#### Posterior predictive assessments:

To investigate whether different nucleotide frequencies observed at the three different codon positions can be a result of codon preferences, we computed the codon-position-specific frequencies of each nucleotide on data replicates, generated by simulation under parameters sampled from the posterior distribution. Focusing on the Globin*17-144* data set, Figure 4 displays the posterior predictive distribution of the frequency of nucleotide A at the three positions under the MG-F1 × 4-DP model (solid lines), the MG-F1 × 4-CP-DP model (thick dashed lines), and the GY-F61 model (thin dashed lines). The MG-F1 × 4-DP model leads to closely matching distributions at the three positions, from the definition of the model (although the exclusion of stop codons induces mild shifts). In Figure 4, b and c, the posterior predictive *P*-values of 0 and 1 are indicators of problems with the MG-F1 × 4-DP model. The MG-F1 × 4-CP-DP model, in contrast, leads to markedly different distributions at the three positions, in a manner approaching the observed frequencies. The GY-F61-DP model is also capable of producing this effect, although graphical comparisons for the three other nucleotides suggest that it does not perform as well as the MG-F1 × 4-CP-DP model (supplemental material).

In another posterior predictive check, we computed the relative frequency of codons in alignments (real and replicated), from which we then evaluated the overall unevenness of the frequency profile from the codon entropy. In Figure 5, we find, as expected, that the MG-F1 × 4-DP model induces a relatively even predictive codon frequency profile (from the definition of the model), leading to a high codon entropy (solid-line histogram). The *P*-value of 1 indicates that the model is inadequate. In contrast, under the MG-F1 × 4-CP-DP model we obtain a more uneven profile, and thus a lower codon entropy (thick-dashed-line histogram); the *P*-value is 0.528, and the model is not deemed problematic under this test. The GY-F61-DP model leads to an intermediate codon entropy (thin-dashed-line histogram), which poorly anticipates the empirical value, but is nonetheless much closer than the MG-F1 × 4-DP model.

These two posterior predictive checks are indicative of tensions in the GY-F61-DP model configuration. The overall model construction strategy of the GY approach may be unable to adequately capture codon preferences without inducing distorted nucleotide propensities. Although the GY-F61-DP model finds a compromise to this tension that performs better than simpler models, in its ability to phenomenologically capture overall codon preference trends, it is outperformed by the MG-F1 × 4-CP-DP model, which explicitly decouples codon preferences from nucleotide propensities.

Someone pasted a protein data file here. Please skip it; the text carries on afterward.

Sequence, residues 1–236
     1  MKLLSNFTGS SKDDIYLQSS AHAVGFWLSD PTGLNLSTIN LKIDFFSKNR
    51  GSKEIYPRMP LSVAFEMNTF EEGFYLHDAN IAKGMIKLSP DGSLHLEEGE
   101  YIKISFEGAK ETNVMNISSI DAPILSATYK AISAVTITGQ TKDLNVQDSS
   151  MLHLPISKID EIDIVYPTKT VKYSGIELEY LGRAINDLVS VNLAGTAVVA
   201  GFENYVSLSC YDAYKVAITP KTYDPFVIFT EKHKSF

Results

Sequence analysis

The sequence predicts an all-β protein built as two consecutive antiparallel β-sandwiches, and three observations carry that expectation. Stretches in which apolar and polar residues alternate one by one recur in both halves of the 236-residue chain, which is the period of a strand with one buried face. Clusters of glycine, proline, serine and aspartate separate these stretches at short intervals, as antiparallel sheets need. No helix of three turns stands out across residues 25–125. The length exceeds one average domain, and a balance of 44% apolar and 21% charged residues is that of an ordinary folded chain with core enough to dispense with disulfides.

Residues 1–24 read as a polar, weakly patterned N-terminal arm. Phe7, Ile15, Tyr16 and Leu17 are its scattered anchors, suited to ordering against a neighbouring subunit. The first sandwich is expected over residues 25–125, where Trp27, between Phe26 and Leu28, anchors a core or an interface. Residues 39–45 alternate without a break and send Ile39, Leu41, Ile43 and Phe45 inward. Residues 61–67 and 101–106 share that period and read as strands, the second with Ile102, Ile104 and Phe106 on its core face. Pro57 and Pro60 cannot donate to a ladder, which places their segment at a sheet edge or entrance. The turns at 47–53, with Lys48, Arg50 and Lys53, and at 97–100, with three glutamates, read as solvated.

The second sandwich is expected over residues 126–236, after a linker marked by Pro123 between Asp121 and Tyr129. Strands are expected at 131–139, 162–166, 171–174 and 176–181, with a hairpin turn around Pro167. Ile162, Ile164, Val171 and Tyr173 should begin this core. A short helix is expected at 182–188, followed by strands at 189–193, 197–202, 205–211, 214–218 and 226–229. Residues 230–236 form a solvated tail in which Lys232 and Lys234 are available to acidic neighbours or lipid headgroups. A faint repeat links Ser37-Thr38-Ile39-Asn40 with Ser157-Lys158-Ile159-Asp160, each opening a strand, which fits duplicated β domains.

## CONCLUSIONS AND FUTURE DIRECTIONS

In recent years, numerous codon substitution models have been proposed, subscribing to either the GY or the MG perspective. GY-style models have been extended in several ways, for instance, to account for heterogeneous nonsynonymous rates (*e.g.*, Nielsen and Yang 1998; Yang *et al.* 2000a; Huelsenbeck and Dyer 2004; Huelsenbeck *et al.* 2006) or to recognize differences in the types of nonsynonymous substitutions, either based on various amino acid distance metrics (*e.g.*, Yang *et al.* 1998), by partitioning amino acids into predefined classes (Sainudiin *et al.* 2005; Wong *et al.* 2006), by incorporating information from an empirically derived amino acid replacement matrix (Doron-Faigenboim and Pupko 2007), or even based on full empirical modeling strategies (Kosiol *et al.* 2007). In parallel, MG-style models have been extended in similar ways as well, such as the models recognizing heterogeneous synonymous and nonsynonymous substitution rates across codon sites (Kosakovsky Pond and Muse 2005), models incorporating partition-based amino acid exchange propensities (Schadt and Lange 2002), or models accounting for dependence between codon positions due to protein tertiary structure (Robinson *et al.* 2003).